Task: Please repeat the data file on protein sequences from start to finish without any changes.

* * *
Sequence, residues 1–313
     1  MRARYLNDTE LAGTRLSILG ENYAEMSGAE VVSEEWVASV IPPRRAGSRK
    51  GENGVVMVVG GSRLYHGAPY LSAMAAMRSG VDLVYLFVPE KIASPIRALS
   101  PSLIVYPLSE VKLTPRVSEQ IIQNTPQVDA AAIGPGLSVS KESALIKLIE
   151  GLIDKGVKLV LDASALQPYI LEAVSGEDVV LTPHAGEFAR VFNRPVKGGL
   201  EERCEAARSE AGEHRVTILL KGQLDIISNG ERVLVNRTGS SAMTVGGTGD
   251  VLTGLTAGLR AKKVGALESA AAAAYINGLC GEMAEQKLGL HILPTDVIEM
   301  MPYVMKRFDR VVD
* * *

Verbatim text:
Sequence, residues 1–313
     1  MRARYLNDTE LAGTRLSILG ENYAEMSGAE VVSEEWVASV IPPRRAGSRK
    51  GENGVVMVVG GSRLYHGAPY LSAMAAMRSG VDLVYLFVPE KIASPIRALS
   101  PSLIVYPLSE VKLTPRVSEQ IIQNTPQVDA AAIGPGLSVS KESALIKLIE
   151  GLIDKGVKLV LDASALQPYI LEAVSGEDVV LTPHAGEFAR VFNRPVKGGL
   201  EERCEAARSE AGEHRVTILL KGQLDIISNG ERVLVNRTGS SAMTVGGTGD
   251  VLTGLTAGLR AKKVGALESA AAAAYINGLC GEMAEQKLGL HILPTDVIEM
   301  MPYVMKRFDR VVD